Auschwitz Memorial; photo: Documentation and Cultural Centre of German Sinti and Roma.
2 August 2019
Federal Chancellor of Germany
Patronage of the 75th anniversary of 2 August 1944 – the European Holocaust Memorial Day for Sinti and Roma 2019
The Genocide against Sinti and Roma reverberates to this day. The systematic persecution and annihilation of Sinti and Roma during the Nazi-Regime’s reign of terror remains a painful trauma. About 23.000 Sinti and Roma were deported to Auschwitz alone. Most of them suffered a painful death there, including the Sinti and Roma who remained until the final liquidation of the B II e camp. It was mainly children, mothers and old people who were driven into the gas chambers. This unfortunate 2 August 1944 marks one of the lowest points in our history – an incredible tragedy for the Sinti and Roma, a tragedy for Germany.
Even today, 75 years after the events, we cannot and must not forget these terrible crimes against humanity. We have to tell the stories of the victims and commemorate them in humility. We have to keep the memory alive from generation to generation. That responsibility is an integral part of Germany’s past and present. This responsibility is inseparable from Germany.
Honoring our commitment to the past also means taking responsibility for the present and the future. With around six million people Sinti and Roma constitute the largest ethnic minority in the European Union. Regrettably, they still face discrimination and exclusion. Consequently, many Sinti and Roma children have their opportunities and paths in life impaired. That is something we cannot accept.
The German Federal Government protects and supports minorities in numerous ways. A special representative looks after the interests of national minorities in Germany. A committee for topics concerning Sinti and Roma provides a platform for consultations between organizations of the Sinti and Roma, the Federal Government, Members of Parliament, and Federal State Governments. In March of this year, an Independent Commission on Antigypsyism was established. Germany also upholds European efforts to support Roma in their home countries, especially in Southeastern Europe.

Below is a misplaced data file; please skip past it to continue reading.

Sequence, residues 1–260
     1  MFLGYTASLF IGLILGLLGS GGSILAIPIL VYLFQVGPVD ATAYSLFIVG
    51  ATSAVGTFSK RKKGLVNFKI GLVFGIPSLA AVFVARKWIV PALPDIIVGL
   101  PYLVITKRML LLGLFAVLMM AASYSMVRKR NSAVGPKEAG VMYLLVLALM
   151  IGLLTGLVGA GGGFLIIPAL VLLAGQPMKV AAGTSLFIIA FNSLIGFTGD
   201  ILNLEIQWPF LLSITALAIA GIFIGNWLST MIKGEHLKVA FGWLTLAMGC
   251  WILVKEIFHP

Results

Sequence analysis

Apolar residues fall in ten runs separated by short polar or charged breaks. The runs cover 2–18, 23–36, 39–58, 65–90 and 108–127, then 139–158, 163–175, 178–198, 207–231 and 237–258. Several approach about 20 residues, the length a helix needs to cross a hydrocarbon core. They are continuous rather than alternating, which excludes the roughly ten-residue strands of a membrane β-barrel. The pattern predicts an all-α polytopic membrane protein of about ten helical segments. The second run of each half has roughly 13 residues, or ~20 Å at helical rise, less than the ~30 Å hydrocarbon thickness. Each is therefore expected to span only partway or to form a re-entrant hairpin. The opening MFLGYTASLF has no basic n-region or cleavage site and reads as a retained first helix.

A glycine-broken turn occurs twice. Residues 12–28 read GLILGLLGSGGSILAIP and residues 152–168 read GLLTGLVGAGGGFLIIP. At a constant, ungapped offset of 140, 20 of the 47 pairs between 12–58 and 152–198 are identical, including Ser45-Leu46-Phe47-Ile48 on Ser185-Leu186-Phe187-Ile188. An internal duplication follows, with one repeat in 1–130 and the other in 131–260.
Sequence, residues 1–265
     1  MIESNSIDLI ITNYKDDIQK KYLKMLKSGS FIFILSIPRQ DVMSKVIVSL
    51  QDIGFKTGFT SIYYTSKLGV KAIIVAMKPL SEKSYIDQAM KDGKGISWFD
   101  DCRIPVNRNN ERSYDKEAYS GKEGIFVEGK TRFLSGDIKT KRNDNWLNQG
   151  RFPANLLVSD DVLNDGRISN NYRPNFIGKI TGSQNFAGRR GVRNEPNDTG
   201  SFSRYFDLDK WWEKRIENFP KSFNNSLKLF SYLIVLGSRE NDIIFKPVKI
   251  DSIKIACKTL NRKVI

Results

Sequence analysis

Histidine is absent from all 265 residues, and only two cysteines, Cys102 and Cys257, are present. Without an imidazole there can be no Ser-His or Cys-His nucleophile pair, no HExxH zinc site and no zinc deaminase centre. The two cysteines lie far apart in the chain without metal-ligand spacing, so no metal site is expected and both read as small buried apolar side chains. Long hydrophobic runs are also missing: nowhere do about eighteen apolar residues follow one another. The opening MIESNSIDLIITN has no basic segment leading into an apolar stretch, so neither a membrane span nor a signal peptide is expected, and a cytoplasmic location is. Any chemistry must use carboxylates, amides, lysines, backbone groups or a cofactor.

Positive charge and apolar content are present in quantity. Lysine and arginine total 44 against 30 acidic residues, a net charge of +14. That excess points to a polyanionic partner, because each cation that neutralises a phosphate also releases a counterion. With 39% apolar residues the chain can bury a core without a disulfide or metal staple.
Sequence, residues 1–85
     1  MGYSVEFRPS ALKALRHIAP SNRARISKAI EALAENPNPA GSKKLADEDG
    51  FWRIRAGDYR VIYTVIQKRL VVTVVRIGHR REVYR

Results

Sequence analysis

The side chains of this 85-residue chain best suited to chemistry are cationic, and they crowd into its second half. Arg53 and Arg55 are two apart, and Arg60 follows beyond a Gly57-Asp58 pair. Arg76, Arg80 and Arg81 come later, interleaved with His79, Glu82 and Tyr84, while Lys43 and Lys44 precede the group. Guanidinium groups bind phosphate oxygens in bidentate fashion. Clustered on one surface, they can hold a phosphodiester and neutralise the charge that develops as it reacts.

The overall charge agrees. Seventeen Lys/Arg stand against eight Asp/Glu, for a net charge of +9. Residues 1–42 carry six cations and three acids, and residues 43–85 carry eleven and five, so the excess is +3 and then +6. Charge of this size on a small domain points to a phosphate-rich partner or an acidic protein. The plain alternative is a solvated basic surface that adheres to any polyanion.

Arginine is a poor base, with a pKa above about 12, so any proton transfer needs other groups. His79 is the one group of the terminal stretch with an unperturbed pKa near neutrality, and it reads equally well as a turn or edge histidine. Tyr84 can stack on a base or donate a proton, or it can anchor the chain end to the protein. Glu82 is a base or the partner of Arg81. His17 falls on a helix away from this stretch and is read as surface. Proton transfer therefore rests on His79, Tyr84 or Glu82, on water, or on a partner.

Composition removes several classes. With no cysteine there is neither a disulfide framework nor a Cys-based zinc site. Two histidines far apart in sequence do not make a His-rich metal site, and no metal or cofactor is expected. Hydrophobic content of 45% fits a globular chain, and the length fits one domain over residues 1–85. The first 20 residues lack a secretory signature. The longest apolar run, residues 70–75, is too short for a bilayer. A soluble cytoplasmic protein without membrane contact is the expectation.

The 2nd of August is a day of mourning and remembrance. There is no statute of limitations when it comes to crimes against humanity. What was done cannot be undone. Remembering, however, also means the responsibility not to abate in our fight against any kind of discrimination. It is our duty and responsibility to protect the dignity of every single human being – in Germany and in Europe. Be assured: The German Federal Government stands by your side.
Statements on the occasion of the European Holocaust Memorial Day for Sinti and Roma
Chairman of the Central Council of German Sinti and Roma
Vice President of the European Parliament
European Commissioner for Equality
Vice President of the German Bundestag
Dutch State Secretary Paul Blokhuis
Amb. Chris J. Lazaris, IHRA Chairman
UN Special Rapporteur UN minorities
President of the Synod of the Evangelical Church in Germany (EKD)
Prime Minister of Canada
Chairman of the Association of Roma in Poland